Although initially developed for 12V electrical systems in use today, work is well under way on a version of the supercharger compatible with 48V systems, a development trend beginning to emerge in Europe.

With such an electrical system, 7 kW of stored electrical power could be used to inject 56 to 94 hp of instantaneous power into the engine for passing maneuvers or hill-climbing, CPT says.

Pascoe says use of the electric supercharger could help prevent future fuel-economy-focused powertrains that combine downsized engines with high-ratio transmissions from “driving like a dog.”

A 30% reduction in engine size can translate into a 15% reduction in CO2, he tells WardsAutoin an interview prior to the technology sale to Valeo “That’s a big improvement, but will anyone buy it? (This) gets you back to being (both) green and fun to drive.”

CPT says its SpeedStart stop/start system also is unique, because it can react more quickly than other devices currently in production. That enables the engine to shut down more often to maximize fuel economy, and do it in a way that is less perceptible to the driver.

Current micro-hybrid applications using a conventional starter-motor pinion have to wait until the engine comes to a full stop before re-engaging. That means opportunities to shut down the powerplant must be limited by software overrides to prevent the car from coasting to a stop every time the driver lifts off the throttle.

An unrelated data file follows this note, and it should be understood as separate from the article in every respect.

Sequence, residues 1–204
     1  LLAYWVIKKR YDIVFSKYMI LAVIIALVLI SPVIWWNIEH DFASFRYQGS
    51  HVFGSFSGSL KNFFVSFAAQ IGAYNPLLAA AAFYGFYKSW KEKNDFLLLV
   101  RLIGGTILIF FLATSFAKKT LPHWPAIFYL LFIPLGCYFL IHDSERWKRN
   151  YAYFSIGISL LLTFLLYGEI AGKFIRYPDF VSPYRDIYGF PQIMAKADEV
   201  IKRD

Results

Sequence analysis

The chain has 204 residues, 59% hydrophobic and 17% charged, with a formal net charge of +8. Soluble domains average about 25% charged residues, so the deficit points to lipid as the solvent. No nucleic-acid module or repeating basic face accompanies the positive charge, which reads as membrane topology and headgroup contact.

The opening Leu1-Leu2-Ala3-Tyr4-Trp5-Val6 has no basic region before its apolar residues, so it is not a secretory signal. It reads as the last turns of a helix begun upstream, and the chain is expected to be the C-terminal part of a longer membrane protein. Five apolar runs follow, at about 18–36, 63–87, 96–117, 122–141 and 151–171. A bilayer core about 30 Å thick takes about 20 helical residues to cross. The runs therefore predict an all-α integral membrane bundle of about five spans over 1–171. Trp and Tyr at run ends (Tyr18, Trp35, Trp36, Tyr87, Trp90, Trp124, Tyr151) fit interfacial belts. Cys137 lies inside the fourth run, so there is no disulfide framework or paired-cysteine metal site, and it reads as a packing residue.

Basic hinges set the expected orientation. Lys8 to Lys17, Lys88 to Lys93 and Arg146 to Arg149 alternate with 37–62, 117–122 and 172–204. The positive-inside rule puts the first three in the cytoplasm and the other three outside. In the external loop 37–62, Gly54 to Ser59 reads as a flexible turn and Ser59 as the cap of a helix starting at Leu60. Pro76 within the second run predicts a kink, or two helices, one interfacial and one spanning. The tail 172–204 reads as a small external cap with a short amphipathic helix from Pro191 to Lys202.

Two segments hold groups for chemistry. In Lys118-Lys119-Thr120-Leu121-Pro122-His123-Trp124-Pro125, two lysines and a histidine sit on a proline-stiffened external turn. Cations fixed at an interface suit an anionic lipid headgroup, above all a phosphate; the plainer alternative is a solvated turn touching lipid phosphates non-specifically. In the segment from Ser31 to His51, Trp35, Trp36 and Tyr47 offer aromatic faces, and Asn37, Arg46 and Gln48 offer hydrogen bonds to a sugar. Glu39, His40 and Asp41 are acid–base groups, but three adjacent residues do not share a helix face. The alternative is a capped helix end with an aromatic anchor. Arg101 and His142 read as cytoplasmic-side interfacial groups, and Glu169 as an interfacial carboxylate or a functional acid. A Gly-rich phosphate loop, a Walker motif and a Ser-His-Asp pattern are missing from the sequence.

CPT’s belt-driven integrated starter-generator, compatible with gasoline and diesel engines from 1.4L to 4.4L in size, takes just 2-3 milliseconds to get current back into the coils, Pascoe says, noting it takes the driver about 200 milliseconds to move his foot from the accelerator to the brake pedal.

“We will be powered up in 3-4 milliseconds, and the engine will be back into idle condition in about 150 milliseconds,” he says. “The speed of that says the driver will know nothing about it.”

The more frequent on/off cycling means the unit must be extremely durable. Initially auto makers were requiring ISGs to handle 200,000 start events over their lifetime, Pascoe says. That later was tripled to 600,000 and since has doubled again to 1.2 million as OEMs begin to eye extended-range electric vehicles that will restart engines frequently to keep batteries charged.

“Do the math on that over 10 years and it means you’re (restarting the car) in your sleep,” he notes.

The third component in CPT’s modular-electrification portfolio is its TIGERS technology designed to capture the huge amount of heat energy lost via the car’s tailpipe and turn it into usable electricity.